I went to Colombo to attend Colomboscope 2014, a multi-disciplinary festival that brought together writers, academics, musicians, and dancers from the country and abroad. It was run well. I was particularly impressed by the manner in which discussions were moderated, mostly by young men and women. They appeared well educated, confident and focused, having done their homework properly. Seeing these efficient young men and women inside discussion rooms and clean roads outside these rooms made me appreciate yet again that Sri Lanka had done well to invest in education.

I understand Sri Lanka aims to become an international education hub by 2020. There are ambitious plans to attract foreign universities and upgrade local universities into world-class institutions. The idea is to offer cost-effective and quality education.

The Standard Chartered Bank was the title sponsor of Colomboscope this year. It was interesting to talk to Anirvan Ghosh Dastidar, CEO of the bank, and his wife, Sravasti Ghosh Dastidar, both of whom have lived in Colombo for some years now. They sounded very positive about the prospect of Sri Lanka progressing in all spheres. This assessment was conveyed by many persons I had the chance to talk with during my short visit.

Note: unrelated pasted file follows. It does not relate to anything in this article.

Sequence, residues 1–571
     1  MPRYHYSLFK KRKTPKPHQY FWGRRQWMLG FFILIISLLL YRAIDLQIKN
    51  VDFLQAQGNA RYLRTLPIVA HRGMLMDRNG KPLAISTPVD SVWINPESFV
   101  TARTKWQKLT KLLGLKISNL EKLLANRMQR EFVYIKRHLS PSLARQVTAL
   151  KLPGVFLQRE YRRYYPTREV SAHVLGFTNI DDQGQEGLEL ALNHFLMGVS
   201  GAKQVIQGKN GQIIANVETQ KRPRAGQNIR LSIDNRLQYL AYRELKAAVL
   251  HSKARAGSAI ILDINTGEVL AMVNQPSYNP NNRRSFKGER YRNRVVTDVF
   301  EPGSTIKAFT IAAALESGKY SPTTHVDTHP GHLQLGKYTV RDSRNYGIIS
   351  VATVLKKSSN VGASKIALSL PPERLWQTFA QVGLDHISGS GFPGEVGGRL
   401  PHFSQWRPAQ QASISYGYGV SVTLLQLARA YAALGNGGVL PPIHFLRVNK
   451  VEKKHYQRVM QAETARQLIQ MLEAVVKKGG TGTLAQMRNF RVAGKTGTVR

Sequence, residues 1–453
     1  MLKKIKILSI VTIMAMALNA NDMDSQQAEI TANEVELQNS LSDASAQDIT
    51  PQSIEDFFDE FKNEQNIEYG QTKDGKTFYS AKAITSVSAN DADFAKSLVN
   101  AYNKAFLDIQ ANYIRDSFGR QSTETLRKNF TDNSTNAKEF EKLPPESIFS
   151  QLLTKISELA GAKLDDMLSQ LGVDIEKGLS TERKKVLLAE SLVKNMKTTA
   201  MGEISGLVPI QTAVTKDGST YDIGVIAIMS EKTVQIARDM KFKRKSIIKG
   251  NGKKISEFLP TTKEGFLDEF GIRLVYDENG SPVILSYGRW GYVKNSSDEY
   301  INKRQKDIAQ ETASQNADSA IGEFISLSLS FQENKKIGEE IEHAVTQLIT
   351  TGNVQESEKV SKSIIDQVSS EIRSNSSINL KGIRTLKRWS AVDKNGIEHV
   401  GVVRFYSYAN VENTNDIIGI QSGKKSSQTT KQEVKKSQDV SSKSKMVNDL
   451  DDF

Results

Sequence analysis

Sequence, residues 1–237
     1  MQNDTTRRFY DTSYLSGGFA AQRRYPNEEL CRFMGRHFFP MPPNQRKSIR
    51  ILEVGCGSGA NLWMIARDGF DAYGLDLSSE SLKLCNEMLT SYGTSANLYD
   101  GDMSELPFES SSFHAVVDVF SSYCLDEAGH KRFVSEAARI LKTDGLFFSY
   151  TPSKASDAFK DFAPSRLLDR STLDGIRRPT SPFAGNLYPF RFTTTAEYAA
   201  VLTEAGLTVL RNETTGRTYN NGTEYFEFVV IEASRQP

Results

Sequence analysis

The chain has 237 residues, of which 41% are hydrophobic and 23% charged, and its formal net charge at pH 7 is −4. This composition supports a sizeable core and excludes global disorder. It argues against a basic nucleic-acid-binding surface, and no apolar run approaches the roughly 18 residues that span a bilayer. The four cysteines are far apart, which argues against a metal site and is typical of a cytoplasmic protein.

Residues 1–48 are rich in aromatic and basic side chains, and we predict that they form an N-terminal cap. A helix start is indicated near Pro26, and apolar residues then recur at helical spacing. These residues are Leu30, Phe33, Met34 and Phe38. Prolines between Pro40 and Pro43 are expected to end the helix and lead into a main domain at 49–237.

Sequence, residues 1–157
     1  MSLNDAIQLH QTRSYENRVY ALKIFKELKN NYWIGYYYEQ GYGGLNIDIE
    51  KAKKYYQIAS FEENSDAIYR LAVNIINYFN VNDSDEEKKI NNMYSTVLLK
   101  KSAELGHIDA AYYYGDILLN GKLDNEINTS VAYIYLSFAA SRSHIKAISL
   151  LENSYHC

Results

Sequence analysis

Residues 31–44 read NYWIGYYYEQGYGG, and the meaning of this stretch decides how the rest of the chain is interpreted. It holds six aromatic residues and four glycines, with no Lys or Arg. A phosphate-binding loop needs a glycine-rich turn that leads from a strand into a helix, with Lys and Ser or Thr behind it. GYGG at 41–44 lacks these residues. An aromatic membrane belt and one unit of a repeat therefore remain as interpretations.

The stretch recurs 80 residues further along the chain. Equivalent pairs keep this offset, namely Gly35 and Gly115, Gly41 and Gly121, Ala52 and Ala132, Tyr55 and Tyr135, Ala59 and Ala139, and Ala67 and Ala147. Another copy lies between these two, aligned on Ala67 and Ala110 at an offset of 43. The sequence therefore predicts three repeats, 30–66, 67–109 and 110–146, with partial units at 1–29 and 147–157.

Though this picture is positive and Sri Lanka can be considered a success story, it will not do to overlook the negative side of the story. Apart from further progress that needs to be made, especially in addressing rural poverty and regional imbalance, we need to consider the manner in which the island was torn by civil war. Officially, the war ended in May 2009 when the Sri Lankan armed forces defeated the Liberation Tigers of Tamil Eelam, popularly known as the Tamil Tigers. This was a long struggle that lasted for more than 25 years. About 1,00,000 people are believed to have been killed during this conflict. Much damage was done to the environment and the economy. Most damaging was the rift that was created between two major groups, the Sinhalese and the Tamils.

Both the government of Sri Lanka and the Tamil Tigers have come under criticism for grave violations of human rights. Further, we need to ask whether harassment and intimidation have ended. The plight of the Sri Lankan Tamils, people who have lived in the island from ancient times, deserves particular attention. They have been internally displaced and forced to migrate abroad.

What is the way ahead? The Lessons Learnt and Reconciliation Commission that was appointed in May 2010 has been criticized for its limited mandate and lack of independence. The time has come to consider that the price paid by a divided country is enormous. It does not leave any group unaffected. Can Sri Lanka afford to be torn by internal divisions when it has so much to gain by moving forward? A true reconciliation has to go beyond politics and aim at embracing one another other with open hearts.